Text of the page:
Picking Stocks Randomly Beats the Market

. July 1, 2014
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Is it a good thing to put your money "in the market?" That depends on what you mean. Most people will steer you toward cap-weighted funds (the S&P 500, for example, is a cap-weighted index). Research suggests that of all the ways to balance stocks in a portfolio, cap-weighting is one of the worst.

Article in plain English: Index Monkeys Beat Cap-Weighting 

Researchers have found that equity indices constructed randomly by 'monkeys' would produce higher risk-adjusted returns than an equivalent market capitalisation-weighted index over the last 40 years.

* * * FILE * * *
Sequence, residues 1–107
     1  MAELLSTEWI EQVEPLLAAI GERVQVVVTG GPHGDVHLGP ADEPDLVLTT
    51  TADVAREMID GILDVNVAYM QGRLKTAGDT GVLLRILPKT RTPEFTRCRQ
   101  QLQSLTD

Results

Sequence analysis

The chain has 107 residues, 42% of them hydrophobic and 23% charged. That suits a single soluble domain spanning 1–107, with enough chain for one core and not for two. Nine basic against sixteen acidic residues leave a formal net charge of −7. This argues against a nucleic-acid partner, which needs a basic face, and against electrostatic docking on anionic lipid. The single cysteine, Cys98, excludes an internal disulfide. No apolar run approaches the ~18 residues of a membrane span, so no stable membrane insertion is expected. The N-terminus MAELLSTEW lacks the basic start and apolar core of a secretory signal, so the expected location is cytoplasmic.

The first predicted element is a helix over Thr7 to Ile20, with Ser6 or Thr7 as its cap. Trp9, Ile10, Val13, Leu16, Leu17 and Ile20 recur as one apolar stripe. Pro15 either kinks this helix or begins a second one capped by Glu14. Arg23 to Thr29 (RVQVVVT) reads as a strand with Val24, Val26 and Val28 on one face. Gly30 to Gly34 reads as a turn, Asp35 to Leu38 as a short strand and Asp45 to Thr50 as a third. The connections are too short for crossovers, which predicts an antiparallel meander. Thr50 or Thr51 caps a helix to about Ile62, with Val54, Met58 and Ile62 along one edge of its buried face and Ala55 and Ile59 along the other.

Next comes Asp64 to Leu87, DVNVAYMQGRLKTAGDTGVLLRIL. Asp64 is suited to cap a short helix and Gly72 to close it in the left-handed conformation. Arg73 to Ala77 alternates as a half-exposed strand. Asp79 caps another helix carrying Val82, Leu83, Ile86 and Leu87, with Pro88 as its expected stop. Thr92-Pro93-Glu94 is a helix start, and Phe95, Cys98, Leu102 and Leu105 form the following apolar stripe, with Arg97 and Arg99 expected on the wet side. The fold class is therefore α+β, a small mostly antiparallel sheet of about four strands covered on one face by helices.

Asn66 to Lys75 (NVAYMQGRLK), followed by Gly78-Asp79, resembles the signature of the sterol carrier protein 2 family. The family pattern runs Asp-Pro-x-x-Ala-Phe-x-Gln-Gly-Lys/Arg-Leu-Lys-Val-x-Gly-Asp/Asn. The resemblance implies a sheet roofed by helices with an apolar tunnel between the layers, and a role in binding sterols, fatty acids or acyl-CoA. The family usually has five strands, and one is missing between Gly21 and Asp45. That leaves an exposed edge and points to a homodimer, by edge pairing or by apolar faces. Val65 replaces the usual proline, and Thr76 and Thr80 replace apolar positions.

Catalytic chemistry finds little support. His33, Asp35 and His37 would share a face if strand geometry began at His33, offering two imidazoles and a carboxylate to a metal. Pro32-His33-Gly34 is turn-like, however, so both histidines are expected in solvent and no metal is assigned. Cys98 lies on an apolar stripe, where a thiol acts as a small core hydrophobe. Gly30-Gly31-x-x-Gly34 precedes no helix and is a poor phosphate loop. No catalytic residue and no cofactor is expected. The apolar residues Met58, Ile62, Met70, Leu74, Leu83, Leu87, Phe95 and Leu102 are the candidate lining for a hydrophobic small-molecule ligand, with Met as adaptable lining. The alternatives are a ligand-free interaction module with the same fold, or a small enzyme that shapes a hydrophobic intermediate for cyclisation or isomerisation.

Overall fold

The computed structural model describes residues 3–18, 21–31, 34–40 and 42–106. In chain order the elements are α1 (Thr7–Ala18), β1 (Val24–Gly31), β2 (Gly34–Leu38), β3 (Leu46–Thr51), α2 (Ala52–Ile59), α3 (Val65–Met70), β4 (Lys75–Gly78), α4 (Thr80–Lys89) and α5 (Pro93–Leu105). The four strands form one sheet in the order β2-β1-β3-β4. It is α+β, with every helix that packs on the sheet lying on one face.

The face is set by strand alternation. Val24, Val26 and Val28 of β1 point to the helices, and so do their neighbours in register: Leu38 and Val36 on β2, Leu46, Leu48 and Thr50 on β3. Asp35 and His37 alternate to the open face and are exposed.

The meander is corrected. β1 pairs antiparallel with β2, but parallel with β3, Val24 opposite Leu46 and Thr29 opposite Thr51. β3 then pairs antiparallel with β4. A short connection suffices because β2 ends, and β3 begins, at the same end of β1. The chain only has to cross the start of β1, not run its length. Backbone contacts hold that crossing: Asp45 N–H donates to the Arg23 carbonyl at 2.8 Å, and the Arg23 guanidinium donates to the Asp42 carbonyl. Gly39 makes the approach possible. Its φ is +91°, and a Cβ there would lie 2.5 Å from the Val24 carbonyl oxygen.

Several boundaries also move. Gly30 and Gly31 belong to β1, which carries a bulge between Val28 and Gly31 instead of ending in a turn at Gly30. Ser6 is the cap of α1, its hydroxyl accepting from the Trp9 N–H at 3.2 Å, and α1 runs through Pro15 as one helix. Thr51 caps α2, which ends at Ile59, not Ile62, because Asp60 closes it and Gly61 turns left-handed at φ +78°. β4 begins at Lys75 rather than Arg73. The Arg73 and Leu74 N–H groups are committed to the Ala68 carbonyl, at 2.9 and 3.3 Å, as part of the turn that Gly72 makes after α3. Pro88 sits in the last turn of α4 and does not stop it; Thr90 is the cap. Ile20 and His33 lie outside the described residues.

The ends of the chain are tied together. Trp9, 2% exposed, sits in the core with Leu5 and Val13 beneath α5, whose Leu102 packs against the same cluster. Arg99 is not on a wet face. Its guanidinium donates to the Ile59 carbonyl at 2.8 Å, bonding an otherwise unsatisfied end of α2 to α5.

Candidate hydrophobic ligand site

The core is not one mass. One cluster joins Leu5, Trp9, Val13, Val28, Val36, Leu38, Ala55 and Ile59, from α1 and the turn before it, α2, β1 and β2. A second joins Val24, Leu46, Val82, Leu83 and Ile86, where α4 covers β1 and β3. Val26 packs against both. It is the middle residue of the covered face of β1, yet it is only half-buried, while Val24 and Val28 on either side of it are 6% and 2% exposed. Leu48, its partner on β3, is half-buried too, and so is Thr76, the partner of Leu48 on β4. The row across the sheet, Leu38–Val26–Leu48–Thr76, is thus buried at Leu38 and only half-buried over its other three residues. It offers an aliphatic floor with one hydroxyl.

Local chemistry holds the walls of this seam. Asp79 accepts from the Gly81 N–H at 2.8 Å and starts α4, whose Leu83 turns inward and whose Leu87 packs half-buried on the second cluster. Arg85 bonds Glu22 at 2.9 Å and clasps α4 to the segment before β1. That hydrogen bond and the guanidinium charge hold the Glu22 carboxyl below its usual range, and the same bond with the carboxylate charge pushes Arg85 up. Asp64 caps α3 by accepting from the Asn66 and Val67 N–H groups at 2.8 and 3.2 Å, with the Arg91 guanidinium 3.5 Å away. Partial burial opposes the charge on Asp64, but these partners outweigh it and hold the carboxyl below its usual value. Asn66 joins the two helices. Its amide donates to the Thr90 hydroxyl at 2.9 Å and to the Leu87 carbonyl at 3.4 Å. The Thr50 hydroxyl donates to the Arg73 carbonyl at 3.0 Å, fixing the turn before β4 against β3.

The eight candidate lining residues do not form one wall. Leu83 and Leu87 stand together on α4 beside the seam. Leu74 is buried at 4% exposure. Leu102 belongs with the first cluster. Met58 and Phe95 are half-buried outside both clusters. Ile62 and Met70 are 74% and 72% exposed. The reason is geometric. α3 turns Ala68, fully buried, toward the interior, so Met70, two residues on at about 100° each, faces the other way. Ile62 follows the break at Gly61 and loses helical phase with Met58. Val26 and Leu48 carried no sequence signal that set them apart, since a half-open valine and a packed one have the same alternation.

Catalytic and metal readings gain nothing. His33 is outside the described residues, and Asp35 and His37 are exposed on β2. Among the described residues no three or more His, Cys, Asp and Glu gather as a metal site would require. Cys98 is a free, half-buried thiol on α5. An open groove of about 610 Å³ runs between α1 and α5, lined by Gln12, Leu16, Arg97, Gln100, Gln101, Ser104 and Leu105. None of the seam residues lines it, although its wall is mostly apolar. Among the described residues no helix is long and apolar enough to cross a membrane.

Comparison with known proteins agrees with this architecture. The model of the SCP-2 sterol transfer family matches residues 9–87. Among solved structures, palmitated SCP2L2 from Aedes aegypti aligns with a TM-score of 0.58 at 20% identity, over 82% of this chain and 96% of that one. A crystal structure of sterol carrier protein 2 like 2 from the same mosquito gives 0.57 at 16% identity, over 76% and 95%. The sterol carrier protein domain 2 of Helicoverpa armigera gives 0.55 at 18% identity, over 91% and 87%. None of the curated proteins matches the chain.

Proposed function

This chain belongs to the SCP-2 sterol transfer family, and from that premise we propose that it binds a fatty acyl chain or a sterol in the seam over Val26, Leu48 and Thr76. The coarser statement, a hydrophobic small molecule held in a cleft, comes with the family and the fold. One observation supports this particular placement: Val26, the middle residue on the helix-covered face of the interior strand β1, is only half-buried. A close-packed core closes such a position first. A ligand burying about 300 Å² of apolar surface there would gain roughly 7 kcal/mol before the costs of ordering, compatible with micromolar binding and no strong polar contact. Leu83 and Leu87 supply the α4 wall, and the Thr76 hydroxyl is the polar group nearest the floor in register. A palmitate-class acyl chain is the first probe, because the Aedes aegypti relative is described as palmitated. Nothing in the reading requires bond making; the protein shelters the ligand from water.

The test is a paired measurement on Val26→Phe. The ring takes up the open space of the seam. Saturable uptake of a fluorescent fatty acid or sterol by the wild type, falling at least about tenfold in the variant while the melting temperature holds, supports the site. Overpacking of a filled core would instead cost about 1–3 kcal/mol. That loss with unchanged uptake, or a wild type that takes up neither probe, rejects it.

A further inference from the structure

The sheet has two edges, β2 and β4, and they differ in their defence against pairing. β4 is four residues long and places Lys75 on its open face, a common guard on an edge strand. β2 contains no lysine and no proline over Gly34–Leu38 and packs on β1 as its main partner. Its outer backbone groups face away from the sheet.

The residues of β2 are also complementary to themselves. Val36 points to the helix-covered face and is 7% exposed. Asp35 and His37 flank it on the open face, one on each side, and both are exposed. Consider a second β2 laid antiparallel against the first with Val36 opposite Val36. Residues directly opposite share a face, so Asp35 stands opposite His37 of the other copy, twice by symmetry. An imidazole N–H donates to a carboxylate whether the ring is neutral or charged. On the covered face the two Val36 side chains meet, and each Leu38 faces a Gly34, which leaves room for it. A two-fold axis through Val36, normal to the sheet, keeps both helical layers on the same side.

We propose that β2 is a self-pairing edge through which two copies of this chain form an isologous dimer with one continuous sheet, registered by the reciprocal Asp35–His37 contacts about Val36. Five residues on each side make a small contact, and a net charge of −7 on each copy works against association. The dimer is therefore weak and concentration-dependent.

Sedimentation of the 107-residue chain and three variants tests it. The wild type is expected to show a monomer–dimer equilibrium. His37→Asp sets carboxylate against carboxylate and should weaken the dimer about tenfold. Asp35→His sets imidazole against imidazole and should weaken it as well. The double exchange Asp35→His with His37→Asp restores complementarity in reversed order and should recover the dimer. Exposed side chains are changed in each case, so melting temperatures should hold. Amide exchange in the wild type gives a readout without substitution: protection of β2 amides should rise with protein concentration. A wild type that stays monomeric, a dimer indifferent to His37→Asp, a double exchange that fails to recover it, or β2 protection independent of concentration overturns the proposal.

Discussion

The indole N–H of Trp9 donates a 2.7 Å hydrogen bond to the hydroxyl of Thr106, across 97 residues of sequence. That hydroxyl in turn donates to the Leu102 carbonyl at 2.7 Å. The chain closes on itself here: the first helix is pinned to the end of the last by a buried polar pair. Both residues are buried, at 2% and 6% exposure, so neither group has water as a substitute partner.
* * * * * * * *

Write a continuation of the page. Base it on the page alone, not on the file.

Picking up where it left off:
White paper: Equal-Weighted Benchmarking: Raising the Monkey Bars 
Given the disappointing performance of active managers, it is particularly surprising how many alternatively weighted indices outperformed the cap-weighted S&P 500.... A more comprehensive critique conducted by the Cass Business School showed that “...equity indices constructed randomly by 'monkeys' would have produced higher risk-adjusted returns than an equivalent market capitalization-weighted index over the last 40 years. A study based on monthly U.S. share data from 1968 to 2011 found nearly all 10 million indices weighted by chance delivered vastly superior returns.” This counterintuitive and remarkable result deserves specific emphasis. According to these results, in the period from 1969 to 2011, if you had picked stocks at random, there is a 99.9% chance you would have beaten the market.